Temperatures could hit a scorching 49C in the UAE on Sunday, with forecasters warning the intense heat is here until Monday at the earliest.
It comes after parts of the UAE were seared by a sizzling 49.9C over the weekend.
Mezaira in the southwest and Sweihan, which is close to Al Ain, were among the places that endured the worst of the heat, forecasters said on Sunday.
The conditions are chiefly caused by southwest winds, carrying dry heat from the desert sands of southern Arabia across to the UAE.
“The temperature has been increasing in the UAE - particularly in the interior of the country - over the past few days,” a forecaster from the NCM said.
“This is a very hot wind and it will last until Monday night.”
The weather has already had tragic consequences in Dubai. A six-year-old boy died after being left on a bus on Saturday and medics were unable to save him.
Compounding the high temperatures is a spike in humidity which has suffocated coastal areas. Humidity - essentially the amount of water vapour in the air - reached a stifling 100 per cent in some parts on Sunday morning.
This means the air is effectively no longer able to absorb moisture - including even human sweat - disrupting the body’s cooling process.
The humidity is being caused by the warming of the seas, which increases evaporation, while hotter temperatures on the land means the air absorbs even more water.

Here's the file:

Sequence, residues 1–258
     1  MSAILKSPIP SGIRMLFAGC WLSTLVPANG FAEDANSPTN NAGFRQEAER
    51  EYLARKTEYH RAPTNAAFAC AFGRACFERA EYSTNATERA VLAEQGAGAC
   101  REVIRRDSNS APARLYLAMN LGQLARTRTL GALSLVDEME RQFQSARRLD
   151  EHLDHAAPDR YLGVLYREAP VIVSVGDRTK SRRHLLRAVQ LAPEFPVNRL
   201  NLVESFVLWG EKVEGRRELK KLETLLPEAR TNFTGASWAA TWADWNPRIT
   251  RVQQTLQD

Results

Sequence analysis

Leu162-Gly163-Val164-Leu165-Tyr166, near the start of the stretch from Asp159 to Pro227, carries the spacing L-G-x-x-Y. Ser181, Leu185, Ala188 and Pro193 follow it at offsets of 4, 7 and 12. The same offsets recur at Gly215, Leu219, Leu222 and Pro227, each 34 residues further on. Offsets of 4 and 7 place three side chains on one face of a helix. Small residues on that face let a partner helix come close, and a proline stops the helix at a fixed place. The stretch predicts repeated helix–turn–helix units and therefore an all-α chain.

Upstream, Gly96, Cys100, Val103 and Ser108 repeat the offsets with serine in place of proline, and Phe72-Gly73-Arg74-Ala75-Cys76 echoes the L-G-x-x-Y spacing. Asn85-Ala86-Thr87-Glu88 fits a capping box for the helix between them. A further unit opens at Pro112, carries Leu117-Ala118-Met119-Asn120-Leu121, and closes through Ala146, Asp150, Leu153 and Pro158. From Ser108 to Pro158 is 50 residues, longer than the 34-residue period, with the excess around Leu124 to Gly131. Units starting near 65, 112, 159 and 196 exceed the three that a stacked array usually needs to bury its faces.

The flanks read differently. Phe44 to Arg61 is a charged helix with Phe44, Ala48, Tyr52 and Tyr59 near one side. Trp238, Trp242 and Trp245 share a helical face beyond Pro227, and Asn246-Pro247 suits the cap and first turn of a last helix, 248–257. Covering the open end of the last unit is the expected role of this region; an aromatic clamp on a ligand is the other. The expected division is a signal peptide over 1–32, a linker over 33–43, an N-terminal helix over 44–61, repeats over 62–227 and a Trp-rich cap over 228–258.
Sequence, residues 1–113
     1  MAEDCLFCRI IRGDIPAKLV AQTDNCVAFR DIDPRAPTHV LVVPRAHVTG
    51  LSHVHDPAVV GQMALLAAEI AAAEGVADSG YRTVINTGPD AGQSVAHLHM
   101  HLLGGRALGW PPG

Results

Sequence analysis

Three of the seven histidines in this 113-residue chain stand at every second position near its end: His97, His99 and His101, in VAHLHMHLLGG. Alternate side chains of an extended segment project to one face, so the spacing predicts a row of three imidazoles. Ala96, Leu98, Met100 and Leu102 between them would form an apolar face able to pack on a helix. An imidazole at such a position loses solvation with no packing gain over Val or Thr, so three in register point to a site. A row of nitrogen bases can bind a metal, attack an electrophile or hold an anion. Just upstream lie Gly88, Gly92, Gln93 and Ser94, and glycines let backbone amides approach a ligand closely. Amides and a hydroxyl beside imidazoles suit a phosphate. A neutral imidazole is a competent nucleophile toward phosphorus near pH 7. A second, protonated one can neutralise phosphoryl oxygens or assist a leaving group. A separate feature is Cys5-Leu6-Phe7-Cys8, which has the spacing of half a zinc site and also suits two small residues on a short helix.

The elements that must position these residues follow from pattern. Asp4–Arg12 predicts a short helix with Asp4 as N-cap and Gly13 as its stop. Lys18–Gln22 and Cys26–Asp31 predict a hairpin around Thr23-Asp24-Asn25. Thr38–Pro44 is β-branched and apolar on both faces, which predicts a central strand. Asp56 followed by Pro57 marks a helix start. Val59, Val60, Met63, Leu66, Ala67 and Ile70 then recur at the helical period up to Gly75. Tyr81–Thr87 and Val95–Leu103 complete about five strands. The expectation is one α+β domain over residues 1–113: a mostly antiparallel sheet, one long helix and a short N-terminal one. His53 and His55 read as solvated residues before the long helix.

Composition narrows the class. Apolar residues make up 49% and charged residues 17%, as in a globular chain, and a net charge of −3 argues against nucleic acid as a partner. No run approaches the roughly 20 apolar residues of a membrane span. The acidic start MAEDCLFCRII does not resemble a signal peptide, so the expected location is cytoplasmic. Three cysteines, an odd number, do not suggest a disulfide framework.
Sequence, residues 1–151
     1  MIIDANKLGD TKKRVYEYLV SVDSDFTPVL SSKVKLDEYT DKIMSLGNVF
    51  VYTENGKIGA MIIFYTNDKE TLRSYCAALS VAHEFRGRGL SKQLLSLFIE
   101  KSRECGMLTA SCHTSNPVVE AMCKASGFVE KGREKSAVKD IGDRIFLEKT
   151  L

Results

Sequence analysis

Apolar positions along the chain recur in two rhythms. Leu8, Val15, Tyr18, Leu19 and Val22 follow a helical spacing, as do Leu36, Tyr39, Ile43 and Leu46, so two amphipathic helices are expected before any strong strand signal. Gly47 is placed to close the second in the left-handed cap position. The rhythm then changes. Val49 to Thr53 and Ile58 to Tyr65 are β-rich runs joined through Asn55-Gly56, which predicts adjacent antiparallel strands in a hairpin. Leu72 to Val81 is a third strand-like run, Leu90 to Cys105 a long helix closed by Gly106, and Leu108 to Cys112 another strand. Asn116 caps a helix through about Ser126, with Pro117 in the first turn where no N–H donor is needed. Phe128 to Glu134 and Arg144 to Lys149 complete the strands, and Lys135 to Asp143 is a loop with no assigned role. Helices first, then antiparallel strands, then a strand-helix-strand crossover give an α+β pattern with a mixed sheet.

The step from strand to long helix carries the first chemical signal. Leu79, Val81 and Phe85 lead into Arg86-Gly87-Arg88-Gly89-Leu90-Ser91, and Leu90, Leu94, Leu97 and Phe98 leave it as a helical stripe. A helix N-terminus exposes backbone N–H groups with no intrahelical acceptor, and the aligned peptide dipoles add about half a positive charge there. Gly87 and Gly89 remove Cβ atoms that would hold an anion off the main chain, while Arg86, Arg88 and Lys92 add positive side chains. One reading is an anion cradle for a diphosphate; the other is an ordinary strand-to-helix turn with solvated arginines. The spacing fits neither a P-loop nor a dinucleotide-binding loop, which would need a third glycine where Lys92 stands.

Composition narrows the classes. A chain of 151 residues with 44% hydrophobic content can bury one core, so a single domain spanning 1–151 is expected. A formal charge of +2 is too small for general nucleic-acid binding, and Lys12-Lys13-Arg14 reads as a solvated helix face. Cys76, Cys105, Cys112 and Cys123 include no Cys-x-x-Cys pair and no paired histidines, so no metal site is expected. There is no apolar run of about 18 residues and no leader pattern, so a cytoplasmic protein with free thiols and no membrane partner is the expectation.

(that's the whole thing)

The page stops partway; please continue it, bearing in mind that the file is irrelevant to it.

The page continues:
The good news, however, is that UAE residents can expect some brief respite from the heat on Tuesday. North-westerly winds will usher in weather that is at least three to four degrees cooler. Gusts of up to 45kph are set to kick up dust clouds and churn the seas.
“Visibility will also become poor,” the forecaster said. “Especially over exposed areas.”
Across the country, preparations for the summer season are well underway. The midday break for workers came into force on June 15.
The UAE-wide rule ensures labourers who work outside rest from 12.30pm to 3pm every day until September 15.
Public schools, meanwhile, have already announced reduced hours until the term ends in July. Authorities have also urged people to stay indoors, where possible, during the hottest part of the day and stay hydrated.
The dry heat is affecting countries across the region. Iraq’s notoriously brutal summers have also arrived early and average daily temperatures this June stand at 48C - up from about 40C in previous years.
Only two months ago, talk of the UAE's so-called bad weather - including rain and thunder - dominated conversations up and down the country.
One of the more unseasonal UAE winters of late featured rain, clouds, dust and lightning. Yet countless conversations in offices, social media and at home wondered when the bad weather would end. Now many are no doubt hoping for the heat to ease.